MOROS; THEIR MORALS
libidinous dances to the sound of the agun, or brass gong, and the calintangang, a kind of harmonium of strips of metal struck by a small drum-stick.
The dance called the Paujalay is usually performed at a marriage of any importance, and the young dancers, clad in diaphanous garments, strive to present their charms in the most alluring postures, for the entertainment of the dattos and their guests.
They have also a war-dance called the Moro-moro, which is performed by their most skilful and agile swordsmen, buckler on arm and campilan in hand to the sound of martial music. It simulates a combat, and the dancers spring sideways, backwards or forwards, and cut, thrust, guard, or feint with surprising dexterity.
The Moros are polygamists in general, although the* influence of the Christian women taken as captives and sometimes married to their captors, has, in many cases* succeeded in preventing their husbands from taking a second wife. The cleverness and aptitude for business of Christian Visayas, and Tagal women captives, has sometimes raised them to the highest position in rank and wealth amongst the Moros ; and few of them would have returned to their former homes, even if an occasion had offered. The custom of seizing girls for slaves and concubines which has prevailed amongst the Moros for centuries, has of course had the effect of encouraging sensuality, and the morals of Moro society may be compared to those of a rabbit-warren.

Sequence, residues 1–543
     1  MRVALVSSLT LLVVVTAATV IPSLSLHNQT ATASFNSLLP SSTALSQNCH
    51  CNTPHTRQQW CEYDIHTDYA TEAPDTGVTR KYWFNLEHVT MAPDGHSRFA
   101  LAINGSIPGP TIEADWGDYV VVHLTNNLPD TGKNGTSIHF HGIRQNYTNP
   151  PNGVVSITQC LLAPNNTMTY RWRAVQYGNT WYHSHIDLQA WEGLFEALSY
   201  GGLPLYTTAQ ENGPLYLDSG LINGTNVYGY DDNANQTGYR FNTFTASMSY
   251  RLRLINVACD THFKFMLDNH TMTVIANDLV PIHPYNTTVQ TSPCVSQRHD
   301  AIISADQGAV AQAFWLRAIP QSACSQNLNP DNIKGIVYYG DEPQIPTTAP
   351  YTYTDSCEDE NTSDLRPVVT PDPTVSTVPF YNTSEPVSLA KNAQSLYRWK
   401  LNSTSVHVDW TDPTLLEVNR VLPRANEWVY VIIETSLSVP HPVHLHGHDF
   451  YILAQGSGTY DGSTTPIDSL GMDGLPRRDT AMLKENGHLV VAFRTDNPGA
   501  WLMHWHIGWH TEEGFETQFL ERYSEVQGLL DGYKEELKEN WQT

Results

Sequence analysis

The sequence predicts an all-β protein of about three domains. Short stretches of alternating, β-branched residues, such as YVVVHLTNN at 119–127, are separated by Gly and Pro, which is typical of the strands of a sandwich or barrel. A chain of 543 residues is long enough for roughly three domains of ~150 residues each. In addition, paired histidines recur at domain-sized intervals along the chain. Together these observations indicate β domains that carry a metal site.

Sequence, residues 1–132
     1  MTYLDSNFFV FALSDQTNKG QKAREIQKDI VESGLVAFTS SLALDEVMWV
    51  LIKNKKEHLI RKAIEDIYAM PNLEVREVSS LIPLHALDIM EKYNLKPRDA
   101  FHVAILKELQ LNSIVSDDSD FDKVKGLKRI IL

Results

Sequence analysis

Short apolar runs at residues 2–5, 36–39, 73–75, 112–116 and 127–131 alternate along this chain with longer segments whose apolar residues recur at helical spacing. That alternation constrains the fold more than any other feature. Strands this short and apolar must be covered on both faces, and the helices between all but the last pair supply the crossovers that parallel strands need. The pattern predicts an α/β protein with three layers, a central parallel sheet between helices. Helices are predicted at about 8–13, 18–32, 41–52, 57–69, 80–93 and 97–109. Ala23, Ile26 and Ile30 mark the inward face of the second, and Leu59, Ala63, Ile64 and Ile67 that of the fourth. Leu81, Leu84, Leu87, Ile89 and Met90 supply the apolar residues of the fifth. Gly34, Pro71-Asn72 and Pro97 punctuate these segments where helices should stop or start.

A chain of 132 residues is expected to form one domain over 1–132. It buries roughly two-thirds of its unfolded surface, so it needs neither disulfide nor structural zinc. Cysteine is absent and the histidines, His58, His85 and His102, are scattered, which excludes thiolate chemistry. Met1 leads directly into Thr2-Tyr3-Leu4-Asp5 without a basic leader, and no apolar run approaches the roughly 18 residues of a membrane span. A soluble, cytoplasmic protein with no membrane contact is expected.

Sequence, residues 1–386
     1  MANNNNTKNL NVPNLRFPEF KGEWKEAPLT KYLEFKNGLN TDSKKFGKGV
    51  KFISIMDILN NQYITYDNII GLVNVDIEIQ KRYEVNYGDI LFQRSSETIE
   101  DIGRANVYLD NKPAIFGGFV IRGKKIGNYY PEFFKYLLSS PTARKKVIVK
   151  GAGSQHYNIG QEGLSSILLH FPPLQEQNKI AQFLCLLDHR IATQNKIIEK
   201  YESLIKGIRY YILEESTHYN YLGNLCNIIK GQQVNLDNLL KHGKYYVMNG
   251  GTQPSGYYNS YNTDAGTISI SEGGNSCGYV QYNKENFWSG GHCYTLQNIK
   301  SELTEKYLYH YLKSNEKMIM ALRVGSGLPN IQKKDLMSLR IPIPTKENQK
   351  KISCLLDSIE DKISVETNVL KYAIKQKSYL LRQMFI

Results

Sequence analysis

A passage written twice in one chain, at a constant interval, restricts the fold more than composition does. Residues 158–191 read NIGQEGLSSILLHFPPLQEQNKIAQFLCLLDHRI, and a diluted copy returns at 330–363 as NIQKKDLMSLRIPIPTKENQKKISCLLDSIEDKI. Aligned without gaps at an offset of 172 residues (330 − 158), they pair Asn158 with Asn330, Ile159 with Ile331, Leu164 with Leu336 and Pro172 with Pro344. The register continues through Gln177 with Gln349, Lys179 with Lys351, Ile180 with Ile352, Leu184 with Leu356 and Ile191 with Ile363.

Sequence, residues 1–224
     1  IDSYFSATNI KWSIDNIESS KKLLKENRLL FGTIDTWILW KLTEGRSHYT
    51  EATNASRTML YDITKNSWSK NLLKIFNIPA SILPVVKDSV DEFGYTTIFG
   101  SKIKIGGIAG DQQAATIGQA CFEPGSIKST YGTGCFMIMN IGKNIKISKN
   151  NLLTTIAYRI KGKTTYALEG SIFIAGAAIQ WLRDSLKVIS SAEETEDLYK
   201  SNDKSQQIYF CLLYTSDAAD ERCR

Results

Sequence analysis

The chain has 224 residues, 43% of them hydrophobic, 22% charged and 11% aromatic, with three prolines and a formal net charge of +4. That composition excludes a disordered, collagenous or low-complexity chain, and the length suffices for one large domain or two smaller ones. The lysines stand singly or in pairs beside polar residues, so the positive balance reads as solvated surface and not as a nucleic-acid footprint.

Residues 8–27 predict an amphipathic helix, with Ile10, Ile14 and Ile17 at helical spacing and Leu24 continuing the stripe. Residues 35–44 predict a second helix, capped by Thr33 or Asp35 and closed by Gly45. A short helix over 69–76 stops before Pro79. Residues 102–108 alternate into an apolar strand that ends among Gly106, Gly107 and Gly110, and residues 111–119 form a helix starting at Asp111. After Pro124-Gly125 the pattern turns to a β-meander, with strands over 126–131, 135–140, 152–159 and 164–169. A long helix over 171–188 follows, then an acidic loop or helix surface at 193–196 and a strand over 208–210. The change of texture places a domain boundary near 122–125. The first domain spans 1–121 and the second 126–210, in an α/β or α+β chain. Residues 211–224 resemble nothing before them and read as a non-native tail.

The Moros do not always treat their slaves with cruelty, they rather strive to attach them to their new home by giving them a female captive or a slave-girl they have tired of, as a wife, assisting them to build a house, and making their lot as easy as is compatible with getting some work out of them.
But perhaps the greatest allurement to one of these slaves is when his master takes him with him on a slave-raid, and gives him the opportunity of securing some plunder, and perhaps a slave for himself.
Once let him arrive at this stage, and his master need have no fear of his absconding.
The Spaniards have for years refused to send back any slaves who claim their protection, yet it has been remarked by Dr. Montano, and by missionaries and Spanish military officers, that slaves have been employed fishing or tilling
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